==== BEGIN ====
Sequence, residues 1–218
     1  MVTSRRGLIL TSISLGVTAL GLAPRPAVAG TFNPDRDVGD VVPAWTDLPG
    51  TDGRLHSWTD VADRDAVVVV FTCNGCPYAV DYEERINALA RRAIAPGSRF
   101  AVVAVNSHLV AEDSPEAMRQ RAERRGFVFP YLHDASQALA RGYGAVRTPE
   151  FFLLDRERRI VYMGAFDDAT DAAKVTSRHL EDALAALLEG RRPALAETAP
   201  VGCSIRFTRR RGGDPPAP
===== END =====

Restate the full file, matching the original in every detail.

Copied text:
Sequence, residues 1–218
     1  MVTSRRGLIL TSISLGVTAL GLAPRPAVAG TFNPDRDVGD VVPAWTDLPG
    51  TDGRLHSWTD VADRDAVVVV FTCNGCPYAV DYEERINALA RRAIAPGSRF
   101  AVVAVNSHLV AEDSPEAMRQ RAERRGFVFP YLHDASQALA RGYGAVRTPE
   151  FFLLDRERRI VYMGAFDDAT DAAKVTSRHL EDALAALLEG RRPALAETAP
   201  VGCSIRFTRR RGGDPPAP